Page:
Humuhumunukunukuapua’a: The Story Behind of Hawaii State Fish
Hawaii State Fish Humuhumunukunukuapua a. The state fish of Hawaii has a name that is brief, distinctive, and easy to say. It is hardly surprise that Hawaii’s island chain, which is rich in seashore culture and traditions, has a designated state fish. Explore the humuhumu’s backstory in more detail.
What is the Hawaii State Fish Humuhumunukunukuapua a?
Humuhumunukunukupuaa (Reef Triggerfish) may seem to be a difficult term, but it is really fairly easy. Regardless, locals sometimes reduce it to humuhumu to save breath. The state fish’s appellation, like many Hawaiian names, is steeped in significance and history. The first component, “humuhumu,” is the Hawaiian term for all triggerfish species. The second part of the name, “nukunukupuaa,” translates to “snout of a pig.” There is a resemblance between the peculiar grunting noises made by live fish when they are threatened and the familiar sounds made by pigs, despite the fact that this may seem to be an odd comparison.
In 2006, the humuhumu was named as Hawaii’s official state fish. The rectangular triggerfish, Lagoon triggerfish, Picasso triggerfish, or Hawaiian triggerfish are additional names for these fish. With their assortment of colors, vivid blue lips, and yellow stripes, they are enjoyable to discover on our Maui reefs. When snorkeling in Maui, be sure to have your camera ready because humumu’s are smaller triggerfish and move very quickly.
The humuhumu’s relatively chubby mouth contains a row of blue teeth that are closely spaced. Their shape enables them to wedge themselves into tight spaces and lock their spine, making it very challenging to escape. They also have the ability to grunt, perhaps as a call to warn other triggerfish in the area of impending danger. If you’re snorkeling in Hawaii and have the good fortune to see one of these gorgeous creatures, observe them, but always respect their space.
The fish’s ability to shoot water jets out of its mouth is one of its more intriguing behaviors. The fish use these jets to locate some of their food source, which may be buried beneath the sand. The humuhumu are frequently observed spitting sand out of their mouths to sift through the debris in search of food. Reef triggers are fairly aggressive and typically won’t tolerate other species in their general area, which accounts for the fish’s frequent solitary appearance. It’s amazing how quickly triggers can change their color. The coloration is frequently the most vibrant when the fish is healthy and not in danger from its surroundings, but they can become relatively dull-looking when they are sleeping or acting submissive.
Keep practicing; once you get it, it’s fun to say. Humuhumunukunukuapua’a… Humuhumunukunukuapua’a…
Hawaii State Fish Humuhumunukunukuapua a and Hawaiian Mythology
Reef Triggerfish, like many other things in Hawaiian history, plays an important role in local mythology. The fish is associated with the hog god, Kama Puaa.
Kama Pua’a was a merciless leader from Oahu Island who could take the form of both a man and a wild hog, according to legend. He possessed superhuman abilities to command the rain and waters to obey him.
He was on the Big Island one day when he fell in love with Pele, the goddess of fire and lava. Pele was aware of his cruel nature and rejected him with a torrent of boiling lava and sulfur smoke. Kama Puaa was prepared for her attack, and he easily brushed the clouds away, standing before her without a single wound. His strength did not frighten her; rather, it impressed her.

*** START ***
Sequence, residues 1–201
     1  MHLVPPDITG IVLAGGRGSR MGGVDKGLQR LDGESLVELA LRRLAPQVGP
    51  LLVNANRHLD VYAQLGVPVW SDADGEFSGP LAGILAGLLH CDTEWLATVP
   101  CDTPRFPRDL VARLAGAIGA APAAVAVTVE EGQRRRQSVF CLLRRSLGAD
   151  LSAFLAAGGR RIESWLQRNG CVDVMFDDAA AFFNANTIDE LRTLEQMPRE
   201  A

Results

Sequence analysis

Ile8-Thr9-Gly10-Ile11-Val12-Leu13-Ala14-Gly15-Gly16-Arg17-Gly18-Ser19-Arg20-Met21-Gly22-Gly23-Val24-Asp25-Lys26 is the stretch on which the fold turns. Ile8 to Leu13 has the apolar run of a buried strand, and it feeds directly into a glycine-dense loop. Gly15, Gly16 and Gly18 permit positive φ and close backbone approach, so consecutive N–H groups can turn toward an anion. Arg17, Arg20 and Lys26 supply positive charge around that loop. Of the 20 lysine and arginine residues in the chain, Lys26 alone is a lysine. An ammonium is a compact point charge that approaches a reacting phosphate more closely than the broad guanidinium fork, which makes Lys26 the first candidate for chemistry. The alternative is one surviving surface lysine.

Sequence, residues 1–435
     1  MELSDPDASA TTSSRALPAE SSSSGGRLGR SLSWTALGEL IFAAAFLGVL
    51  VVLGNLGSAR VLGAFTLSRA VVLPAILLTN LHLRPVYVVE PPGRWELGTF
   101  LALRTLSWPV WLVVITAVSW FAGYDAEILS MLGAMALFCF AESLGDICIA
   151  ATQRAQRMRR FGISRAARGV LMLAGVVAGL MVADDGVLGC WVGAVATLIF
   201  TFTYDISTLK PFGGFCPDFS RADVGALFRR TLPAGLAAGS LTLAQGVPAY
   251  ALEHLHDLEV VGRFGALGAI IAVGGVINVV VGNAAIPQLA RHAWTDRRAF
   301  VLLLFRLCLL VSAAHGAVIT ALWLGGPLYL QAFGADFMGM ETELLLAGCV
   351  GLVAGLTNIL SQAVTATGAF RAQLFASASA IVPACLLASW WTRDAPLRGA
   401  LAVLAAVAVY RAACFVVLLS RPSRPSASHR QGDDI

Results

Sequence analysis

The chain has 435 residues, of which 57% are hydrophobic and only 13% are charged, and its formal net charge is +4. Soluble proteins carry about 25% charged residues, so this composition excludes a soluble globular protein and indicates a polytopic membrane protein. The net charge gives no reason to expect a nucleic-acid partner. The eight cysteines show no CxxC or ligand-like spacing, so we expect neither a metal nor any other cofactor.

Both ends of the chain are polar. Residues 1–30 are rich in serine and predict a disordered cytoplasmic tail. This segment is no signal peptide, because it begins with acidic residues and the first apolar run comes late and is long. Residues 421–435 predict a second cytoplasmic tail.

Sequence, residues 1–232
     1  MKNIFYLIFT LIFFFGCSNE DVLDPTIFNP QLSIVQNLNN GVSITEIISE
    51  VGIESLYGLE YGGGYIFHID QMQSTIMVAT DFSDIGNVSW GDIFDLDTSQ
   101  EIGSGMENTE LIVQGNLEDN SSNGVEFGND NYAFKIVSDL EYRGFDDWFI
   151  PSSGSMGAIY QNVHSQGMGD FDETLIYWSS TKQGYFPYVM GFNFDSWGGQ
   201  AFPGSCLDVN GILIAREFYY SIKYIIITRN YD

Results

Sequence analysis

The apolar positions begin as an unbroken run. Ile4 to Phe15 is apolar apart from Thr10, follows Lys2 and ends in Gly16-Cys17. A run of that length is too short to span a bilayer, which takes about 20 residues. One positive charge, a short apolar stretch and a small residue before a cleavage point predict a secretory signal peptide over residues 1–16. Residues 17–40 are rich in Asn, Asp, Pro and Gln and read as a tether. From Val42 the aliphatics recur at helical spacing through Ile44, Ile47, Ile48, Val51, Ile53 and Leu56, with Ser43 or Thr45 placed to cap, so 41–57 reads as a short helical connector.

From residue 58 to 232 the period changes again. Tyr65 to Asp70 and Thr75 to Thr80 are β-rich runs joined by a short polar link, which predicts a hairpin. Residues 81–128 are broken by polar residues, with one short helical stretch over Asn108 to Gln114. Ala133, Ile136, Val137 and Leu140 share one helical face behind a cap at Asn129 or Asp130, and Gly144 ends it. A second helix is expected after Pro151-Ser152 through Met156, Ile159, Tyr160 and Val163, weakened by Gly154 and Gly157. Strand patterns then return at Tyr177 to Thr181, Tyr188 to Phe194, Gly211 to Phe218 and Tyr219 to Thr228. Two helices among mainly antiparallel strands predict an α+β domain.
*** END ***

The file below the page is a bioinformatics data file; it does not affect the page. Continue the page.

They married soon after, but they quickly realized that they were never meant to be together. Pele was quickly enraged by Kama Pua’a and his brutality because he had too many hoglike habits.
Pele used her best weapons and threw steam and lava at Kama Pua’a to get rid of him, but his power was enough to fight her every move. Pele was forced to seek assistance from the gods of the underworld. Kama Pua’a was forced to flee into the sea.
When he touched the water, he transformed into a Humuhumunukunukuapuaa, a fish with thick skin that could withstand boiling waves and swim deep into the sea. Now that we know the story, it’s no surprise that the Humuhumu’s noise sounds like a small hog grunting!
Becoming the State Fish of Hawaii
As a result, when it came to choosing a state fish, some thought the “Picasso triggerfish” was a natural choice. According to Fox News, part of its appeal, in addition to its historical significance, is its “cuteness and unpalatability.” The humu is not a Hawaii fish to eat and will not be found on a menu (which, as the editor of Hawaii Fishing News points out, is a good thing because popular game fish like ulua could pose a problem as the state fish “if environmentalists push to protect the fish from fishermen,” negatively impacting the economy); it has never been considered appetizing. (Former Governor Linda Lingle noted that the humu was once used to fuel Hawaiian fires—”not their stomachs.”) Others argued that it was an inappropriate choice for representing the Hawaiian islands because it is not native to Hawaii. However, its rectangular shape, dorsal fin, dazzling colors, geometric patterns, and intriguing qualities made it a survey favorite.
By default, the fish was designated as a state symbol, joining the ranks of the hibiscus (or pua aloalo), Hawaii’s state flower, and black coral, its gem. As fresh-water enthusiasts convinced the state legislature to limit its term, humuhumunukunukuapuaa was given a five-year trial period (and, it should be noted, Hawaiian schoolchildren and members of the Waikiki Aquarium rallied for its designation). In 2006, the fish was reinstated as the state’s official swimmer, a title it now holds in perpetuity, sixteen years after it formally lost its royal status, though few seemed to notice.